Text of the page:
"We have let them know we are available and would be happy to help them out," University of Dayton athletics spokesman Doug Hauschild said in an email. "We believe their intention is to relocate to sites as close as they can to the original ones for fans who have already purchased tickets."

The University of Dayton Arena is already set to host the First Four to open the basketball tournament, as it has done every year since 2001.

Ohio State and the city of Columbus have also become frequent hosts of various NCAA events and could add to their impressive docket in the coming years.

"We have viewed the information provided by the NCAA today regarding the process by which replacement sites will be selected for 2016-17 championships and are determining, with our partners, if we have the availability to host any of these championships," Greater Columbus Sports Commission director of marketing and communications Bruce Wimbish said in an email. "There will be a two-week time frame to submit new bids with the decisions to be made in early October."

Ohio State is already set to host multiple NCAA events this academic year, including the Division I women's volleyball championship in December and the men's volleyball championship in March.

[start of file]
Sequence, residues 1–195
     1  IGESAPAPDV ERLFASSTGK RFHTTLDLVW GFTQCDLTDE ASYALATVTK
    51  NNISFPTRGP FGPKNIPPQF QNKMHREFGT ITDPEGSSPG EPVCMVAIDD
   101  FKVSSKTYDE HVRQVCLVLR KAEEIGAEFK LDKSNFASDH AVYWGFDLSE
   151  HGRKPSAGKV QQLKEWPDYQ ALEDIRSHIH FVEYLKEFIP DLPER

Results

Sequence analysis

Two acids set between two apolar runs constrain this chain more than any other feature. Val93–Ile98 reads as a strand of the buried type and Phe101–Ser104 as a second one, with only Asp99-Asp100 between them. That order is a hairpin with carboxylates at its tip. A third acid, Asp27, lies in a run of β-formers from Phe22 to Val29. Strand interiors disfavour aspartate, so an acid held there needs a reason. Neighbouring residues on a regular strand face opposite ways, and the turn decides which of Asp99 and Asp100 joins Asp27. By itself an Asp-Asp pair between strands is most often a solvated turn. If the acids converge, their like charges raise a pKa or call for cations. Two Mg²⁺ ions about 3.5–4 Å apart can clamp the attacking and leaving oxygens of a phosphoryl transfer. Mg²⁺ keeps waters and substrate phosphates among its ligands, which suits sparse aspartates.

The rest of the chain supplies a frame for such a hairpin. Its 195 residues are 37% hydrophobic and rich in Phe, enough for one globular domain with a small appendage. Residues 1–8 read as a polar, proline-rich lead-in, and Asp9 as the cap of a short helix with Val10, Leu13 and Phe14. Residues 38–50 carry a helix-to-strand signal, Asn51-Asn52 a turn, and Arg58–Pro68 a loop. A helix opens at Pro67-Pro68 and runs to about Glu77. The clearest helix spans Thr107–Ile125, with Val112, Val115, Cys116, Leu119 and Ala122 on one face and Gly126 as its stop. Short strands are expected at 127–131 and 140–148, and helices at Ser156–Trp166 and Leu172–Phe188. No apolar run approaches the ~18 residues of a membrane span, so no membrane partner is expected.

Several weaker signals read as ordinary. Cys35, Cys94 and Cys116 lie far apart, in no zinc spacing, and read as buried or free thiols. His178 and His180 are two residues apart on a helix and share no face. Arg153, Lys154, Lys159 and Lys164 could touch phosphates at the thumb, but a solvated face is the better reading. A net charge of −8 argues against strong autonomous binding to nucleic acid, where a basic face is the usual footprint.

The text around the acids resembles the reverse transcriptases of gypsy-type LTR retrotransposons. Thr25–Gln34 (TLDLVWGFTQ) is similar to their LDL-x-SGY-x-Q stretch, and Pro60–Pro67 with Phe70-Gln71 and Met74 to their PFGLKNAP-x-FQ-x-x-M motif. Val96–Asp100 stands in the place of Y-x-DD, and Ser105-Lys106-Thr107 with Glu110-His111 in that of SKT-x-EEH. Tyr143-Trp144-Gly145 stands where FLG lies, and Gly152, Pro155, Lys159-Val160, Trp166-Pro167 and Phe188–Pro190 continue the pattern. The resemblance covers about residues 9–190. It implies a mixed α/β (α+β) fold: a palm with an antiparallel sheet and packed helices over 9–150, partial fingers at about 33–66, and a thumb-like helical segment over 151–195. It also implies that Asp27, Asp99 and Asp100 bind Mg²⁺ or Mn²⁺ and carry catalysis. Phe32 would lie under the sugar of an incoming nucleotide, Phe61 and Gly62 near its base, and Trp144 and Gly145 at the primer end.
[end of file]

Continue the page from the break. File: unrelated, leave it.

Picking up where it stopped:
The women's basketball Final Four will be hosted in Columbus in the spring of 2018.

U.S. Sen. Sherrod Brown, D-Ohio, announced that he sent a letter to NCAA president Mark Emmert about Ohio's potential to host the orphaned events.

"Ohio has been a consistent partner in hosting NCAA sporting events," Brown wrote. "As you weigh options for relocation, I urge you to give Ohio's cities your full consideration. Your organization would be hard-pressed to find a better partner, and I know Ohioans would embrace these events with open arms."

Fans, players pay tribute to Pat Summitt, legendary Tennessee coach

Pat Summitt, the winningest coach in NCAA basketball history, died Tuesday. She was 64.

The legendary University of Tennessee women's basketball coach had been battling early-onset Alzheimer's since 2011.

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Celebration of Life service  honoring Summitt will be held July 14 at 7 p.m. at the Thompson -Boling Arene on the University of Tennessee campus.

Fans, players and other notable figures took to social media to pay tribute to Summitt. Click here or scroll down to see what they were saying.

>> Pat Summitt, former Tennessee coach, dead at 64

>> PHOTOS: Pat Summitt through the years